Recently introduced cancer immunotherapies unleash patients’ immune systems to attack cancers. In a study published online on January 7 in Proceedings of the National Academy of Sciences, senior author Niraj Shenoy, M.D., M.S., and collaborators report that combining high-dose ascorbic acid (vitamin C) with a class of immunotherapies called anti-PD1 checkpoint inhibitors bolsters anti-tumor activity in a lymphoma mouse model.
The study shows that high-dose ascorbic acid treatment increases the ability of lymphoma cells to provoke an immune response; enables CD8+ T cells and macrophages to better infiltrate tumors; and synergizes with anti-PD1 checkpoint inhibitors by markedly activating the immune system’s cytotoxic cells (cytotoxic T cells and NK cells) and antigen presenting cells. The findings provide a compelling rationale for testing combinations of high-dose ascorbic acid and anti-PD1 inhibitors in patients with aggressive B cell lymphoma and in preclinical models of other malignancies. The study was an extension of Dr. Shenoy’s prior research with ascorbic acid in cancer epigenetics published in Blood Cancer Journal, Journal of Clinical Investigation and Cancer Cell.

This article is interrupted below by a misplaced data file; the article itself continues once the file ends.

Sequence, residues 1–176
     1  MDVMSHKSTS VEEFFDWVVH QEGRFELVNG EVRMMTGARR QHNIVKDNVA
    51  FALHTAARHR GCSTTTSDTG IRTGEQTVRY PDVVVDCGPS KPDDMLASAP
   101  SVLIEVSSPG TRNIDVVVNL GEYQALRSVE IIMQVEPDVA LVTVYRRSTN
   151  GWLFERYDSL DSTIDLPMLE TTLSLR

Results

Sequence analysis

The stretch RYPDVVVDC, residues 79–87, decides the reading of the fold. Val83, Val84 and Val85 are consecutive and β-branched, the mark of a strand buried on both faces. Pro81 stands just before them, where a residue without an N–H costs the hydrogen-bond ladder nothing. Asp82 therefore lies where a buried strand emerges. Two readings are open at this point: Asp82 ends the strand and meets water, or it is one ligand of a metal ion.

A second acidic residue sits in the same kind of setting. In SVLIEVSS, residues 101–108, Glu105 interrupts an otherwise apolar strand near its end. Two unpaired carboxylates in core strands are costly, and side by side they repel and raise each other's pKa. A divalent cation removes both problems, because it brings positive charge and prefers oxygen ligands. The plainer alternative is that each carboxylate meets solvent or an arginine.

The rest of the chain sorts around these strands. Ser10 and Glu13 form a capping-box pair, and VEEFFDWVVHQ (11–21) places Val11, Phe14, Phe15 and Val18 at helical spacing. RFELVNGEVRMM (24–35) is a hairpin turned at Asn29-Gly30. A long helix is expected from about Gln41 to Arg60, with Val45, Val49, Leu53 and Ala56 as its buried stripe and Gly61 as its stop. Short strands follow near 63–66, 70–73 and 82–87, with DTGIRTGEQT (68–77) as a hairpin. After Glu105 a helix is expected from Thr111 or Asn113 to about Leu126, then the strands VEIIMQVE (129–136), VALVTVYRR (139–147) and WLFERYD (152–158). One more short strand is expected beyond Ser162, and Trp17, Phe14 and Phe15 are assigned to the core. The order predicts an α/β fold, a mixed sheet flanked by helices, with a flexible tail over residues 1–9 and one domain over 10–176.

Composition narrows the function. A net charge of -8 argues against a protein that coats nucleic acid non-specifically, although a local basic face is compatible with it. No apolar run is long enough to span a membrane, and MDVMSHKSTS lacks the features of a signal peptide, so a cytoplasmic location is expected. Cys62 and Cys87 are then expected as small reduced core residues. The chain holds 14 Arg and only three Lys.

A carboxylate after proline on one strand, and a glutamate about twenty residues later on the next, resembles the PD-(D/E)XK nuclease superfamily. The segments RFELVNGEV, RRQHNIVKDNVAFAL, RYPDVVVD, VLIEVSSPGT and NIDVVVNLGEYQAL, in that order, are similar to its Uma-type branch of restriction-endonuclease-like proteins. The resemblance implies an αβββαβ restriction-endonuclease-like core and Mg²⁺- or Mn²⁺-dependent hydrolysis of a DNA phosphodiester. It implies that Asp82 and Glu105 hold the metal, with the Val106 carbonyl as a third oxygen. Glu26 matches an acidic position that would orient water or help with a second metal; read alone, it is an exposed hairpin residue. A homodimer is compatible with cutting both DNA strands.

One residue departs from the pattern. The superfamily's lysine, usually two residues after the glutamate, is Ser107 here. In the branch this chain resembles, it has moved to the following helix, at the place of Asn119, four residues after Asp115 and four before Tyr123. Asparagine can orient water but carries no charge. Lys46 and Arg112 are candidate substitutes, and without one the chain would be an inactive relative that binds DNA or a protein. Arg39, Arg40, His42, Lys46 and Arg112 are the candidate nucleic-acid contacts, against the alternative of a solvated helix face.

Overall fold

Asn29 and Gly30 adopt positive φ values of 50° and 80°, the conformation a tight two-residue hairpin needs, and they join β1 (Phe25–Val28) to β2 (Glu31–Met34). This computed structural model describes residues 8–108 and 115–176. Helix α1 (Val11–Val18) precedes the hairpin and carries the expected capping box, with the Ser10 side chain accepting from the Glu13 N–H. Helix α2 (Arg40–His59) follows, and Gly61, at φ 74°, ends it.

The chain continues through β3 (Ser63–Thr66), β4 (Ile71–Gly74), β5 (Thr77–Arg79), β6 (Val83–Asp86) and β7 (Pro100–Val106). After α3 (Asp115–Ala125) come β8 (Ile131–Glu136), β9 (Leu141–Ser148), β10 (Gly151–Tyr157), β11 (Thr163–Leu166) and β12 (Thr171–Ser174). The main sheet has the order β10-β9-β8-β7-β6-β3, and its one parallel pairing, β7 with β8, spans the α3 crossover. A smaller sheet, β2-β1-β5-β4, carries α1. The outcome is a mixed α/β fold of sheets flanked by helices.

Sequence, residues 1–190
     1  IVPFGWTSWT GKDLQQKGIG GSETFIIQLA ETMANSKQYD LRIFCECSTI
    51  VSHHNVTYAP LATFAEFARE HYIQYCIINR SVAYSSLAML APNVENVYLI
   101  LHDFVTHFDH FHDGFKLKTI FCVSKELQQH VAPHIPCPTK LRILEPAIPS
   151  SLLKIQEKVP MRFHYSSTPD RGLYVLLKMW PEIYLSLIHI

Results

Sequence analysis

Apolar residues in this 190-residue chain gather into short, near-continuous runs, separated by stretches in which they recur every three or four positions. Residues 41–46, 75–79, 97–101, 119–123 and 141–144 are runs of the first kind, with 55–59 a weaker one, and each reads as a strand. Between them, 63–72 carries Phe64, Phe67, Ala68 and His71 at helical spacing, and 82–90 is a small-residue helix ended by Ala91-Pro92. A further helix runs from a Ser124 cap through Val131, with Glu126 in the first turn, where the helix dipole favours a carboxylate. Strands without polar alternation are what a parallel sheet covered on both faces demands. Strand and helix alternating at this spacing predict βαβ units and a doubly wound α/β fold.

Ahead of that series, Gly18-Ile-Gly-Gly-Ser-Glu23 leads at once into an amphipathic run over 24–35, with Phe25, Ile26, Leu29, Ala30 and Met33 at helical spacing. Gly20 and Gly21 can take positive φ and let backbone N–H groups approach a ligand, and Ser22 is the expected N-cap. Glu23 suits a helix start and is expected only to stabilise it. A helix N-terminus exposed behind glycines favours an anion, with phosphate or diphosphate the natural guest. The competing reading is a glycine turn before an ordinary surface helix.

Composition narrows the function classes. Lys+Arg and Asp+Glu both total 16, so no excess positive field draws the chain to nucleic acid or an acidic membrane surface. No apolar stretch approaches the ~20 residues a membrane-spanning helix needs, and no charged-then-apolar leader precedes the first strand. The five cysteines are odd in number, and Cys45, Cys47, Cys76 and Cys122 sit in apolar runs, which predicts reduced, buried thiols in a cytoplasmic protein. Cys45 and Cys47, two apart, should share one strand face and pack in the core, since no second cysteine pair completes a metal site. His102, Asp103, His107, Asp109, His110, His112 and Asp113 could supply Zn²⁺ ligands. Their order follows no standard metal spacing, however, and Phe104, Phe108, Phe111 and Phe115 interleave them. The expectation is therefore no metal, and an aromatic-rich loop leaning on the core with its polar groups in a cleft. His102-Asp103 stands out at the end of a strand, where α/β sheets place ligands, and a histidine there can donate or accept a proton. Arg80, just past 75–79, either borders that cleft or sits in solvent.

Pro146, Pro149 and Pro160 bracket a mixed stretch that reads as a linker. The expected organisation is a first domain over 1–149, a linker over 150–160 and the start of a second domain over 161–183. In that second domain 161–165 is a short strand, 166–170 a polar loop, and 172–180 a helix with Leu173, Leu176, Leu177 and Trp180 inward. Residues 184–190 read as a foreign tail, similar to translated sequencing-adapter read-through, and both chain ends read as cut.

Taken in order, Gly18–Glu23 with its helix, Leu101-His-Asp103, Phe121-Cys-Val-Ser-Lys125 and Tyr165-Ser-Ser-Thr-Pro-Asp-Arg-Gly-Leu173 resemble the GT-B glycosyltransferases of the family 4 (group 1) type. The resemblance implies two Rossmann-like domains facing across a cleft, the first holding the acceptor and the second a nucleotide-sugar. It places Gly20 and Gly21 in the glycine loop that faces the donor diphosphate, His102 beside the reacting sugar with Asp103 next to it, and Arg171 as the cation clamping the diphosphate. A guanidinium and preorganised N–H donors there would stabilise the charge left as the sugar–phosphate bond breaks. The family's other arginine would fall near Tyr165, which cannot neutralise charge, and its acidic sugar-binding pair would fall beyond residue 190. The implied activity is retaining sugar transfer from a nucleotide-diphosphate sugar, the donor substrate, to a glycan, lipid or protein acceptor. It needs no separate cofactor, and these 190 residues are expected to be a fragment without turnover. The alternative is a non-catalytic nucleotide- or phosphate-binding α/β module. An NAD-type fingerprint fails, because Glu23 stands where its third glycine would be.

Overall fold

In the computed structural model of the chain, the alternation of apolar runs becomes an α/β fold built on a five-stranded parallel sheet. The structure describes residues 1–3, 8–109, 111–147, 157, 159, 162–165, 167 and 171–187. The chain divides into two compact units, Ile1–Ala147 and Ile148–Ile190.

Dr. Shenoy is an assistant professor of medicine at Einstein and attending physician in oncology at Montefiore Einstein Center for Cancer Care. Rebecca Luchtel, Ph.D., the first author of the study, is a research assistant professor of medicine at Einstein.
Posted on: Tuesday, January 28, 2020